Each year between 1979 and 1996, Australia had an average of 3.6 gun deaths (both homicides and suicides) per 100,000 people. After the NFA was passed, that rate dropped to an average of 1.2 gun deaths per 100,000 people.

In both time periods, the total number of firearm-related deaths was on the decline. But “the trend accelerated” after gun control took effect, the researchers wrote.

The researchers also found that passage of the NFA was associated with a steep drop in the overall homicide rate. Before Port Arthur, homicides involving weapons of any kind had been falling at a rate of 0.3% per year, on average. Afterward, they fell by 3.1% per year. There was no evidence that killers who couldn’t get their hands on guns switched to other weapons instead, the team wrote. . .

Overall, gun-related deaths fell faster after gun control than before it. But some of those gains might be due to factors that have nothing to do with guns. For instance, trauma doctors and surgeons have gotten better at treating gunshot victims. They’re also getting treated more rapidly in the NFA era, thanks in part to the growing ubiquity of cellphones, the researchers wrote.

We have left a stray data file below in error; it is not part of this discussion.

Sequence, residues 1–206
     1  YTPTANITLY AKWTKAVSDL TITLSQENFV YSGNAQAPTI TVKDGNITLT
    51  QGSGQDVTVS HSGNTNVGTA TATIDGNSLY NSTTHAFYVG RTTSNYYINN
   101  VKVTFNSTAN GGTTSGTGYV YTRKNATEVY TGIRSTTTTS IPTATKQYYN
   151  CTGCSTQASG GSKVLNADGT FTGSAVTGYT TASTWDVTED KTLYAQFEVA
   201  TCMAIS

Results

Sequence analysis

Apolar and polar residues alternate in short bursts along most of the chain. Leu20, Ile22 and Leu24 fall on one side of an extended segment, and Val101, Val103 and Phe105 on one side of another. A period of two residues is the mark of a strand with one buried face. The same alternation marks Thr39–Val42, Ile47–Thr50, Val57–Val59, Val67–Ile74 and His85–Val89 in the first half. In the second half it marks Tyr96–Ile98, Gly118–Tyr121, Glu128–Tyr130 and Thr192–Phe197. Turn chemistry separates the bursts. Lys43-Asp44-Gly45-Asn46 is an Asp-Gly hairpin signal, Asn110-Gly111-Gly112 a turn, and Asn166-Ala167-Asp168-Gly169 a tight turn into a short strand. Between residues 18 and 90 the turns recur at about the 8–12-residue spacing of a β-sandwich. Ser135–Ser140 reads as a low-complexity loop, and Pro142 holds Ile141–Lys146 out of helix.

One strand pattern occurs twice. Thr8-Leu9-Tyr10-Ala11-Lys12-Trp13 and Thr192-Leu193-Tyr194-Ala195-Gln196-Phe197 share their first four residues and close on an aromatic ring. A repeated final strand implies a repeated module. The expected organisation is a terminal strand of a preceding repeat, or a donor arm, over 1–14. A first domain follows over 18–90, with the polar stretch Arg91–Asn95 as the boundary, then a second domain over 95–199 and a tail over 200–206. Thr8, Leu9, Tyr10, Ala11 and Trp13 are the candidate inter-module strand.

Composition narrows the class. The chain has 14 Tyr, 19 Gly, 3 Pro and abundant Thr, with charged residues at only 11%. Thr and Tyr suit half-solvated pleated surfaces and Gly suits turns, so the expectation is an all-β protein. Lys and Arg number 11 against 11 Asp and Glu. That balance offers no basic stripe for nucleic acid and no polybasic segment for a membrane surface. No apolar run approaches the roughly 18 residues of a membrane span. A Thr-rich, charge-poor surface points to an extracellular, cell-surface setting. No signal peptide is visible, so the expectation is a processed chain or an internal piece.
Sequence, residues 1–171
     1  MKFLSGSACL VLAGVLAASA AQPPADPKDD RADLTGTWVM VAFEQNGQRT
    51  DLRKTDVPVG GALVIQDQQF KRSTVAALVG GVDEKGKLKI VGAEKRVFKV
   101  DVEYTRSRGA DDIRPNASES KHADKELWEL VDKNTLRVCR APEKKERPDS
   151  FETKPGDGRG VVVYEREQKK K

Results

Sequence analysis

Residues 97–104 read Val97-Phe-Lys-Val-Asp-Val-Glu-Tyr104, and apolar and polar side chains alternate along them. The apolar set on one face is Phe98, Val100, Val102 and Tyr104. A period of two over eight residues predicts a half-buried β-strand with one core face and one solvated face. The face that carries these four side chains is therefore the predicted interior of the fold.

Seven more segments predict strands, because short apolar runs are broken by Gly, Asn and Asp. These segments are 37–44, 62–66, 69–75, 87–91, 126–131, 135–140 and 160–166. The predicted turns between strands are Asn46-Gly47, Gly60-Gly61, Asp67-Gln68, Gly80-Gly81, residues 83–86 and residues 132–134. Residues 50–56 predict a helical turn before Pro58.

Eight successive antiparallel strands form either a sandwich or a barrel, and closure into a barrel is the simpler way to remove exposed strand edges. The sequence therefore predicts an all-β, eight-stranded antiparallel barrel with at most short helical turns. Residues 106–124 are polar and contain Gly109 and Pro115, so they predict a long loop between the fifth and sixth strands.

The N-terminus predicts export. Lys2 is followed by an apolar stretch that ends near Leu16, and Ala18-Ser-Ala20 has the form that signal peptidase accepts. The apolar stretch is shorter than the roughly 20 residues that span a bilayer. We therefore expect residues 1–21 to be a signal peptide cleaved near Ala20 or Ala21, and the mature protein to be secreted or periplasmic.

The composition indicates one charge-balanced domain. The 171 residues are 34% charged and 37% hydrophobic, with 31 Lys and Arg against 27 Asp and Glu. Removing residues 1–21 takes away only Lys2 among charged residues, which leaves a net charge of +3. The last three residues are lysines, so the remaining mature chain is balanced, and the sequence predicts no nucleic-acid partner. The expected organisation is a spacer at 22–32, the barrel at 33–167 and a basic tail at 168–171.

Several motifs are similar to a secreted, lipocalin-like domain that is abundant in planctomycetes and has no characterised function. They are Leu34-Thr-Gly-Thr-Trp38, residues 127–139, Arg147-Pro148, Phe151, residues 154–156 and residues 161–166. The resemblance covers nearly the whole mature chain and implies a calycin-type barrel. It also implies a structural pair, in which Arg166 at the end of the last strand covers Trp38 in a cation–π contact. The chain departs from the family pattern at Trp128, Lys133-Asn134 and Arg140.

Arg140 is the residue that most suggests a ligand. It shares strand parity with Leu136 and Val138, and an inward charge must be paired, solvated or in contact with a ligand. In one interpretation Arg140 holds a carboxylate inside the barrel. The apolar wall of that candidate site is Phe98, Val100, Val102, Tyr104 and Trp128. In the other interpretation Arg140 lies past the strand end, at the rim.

In short, the most steady analysis of Australia doesn’t produce clean data for either side and inclusion of statistics like that of Mexico, where similar laws are failed, we realize that even if the laws were passed, the laws themselves would not necessarily remotely effective policy.

This is not to say we don’t need a dialogue about gun control, we do. But perhaps we can quit pretending that this is just about federal regulation, or the second amendment. Perhaps it isn’t just a question of political will, which my liberals friends seem to think they can shame people into supporting, but a question of complex, multicausal social issues and a constitutional framework that is ill-equipped be coherent.


a reading list that is entirely idiosyncratic on political theology, political anthropology, political philosophy, and political economy as well as philosophy of science and the history of philosophy, part 1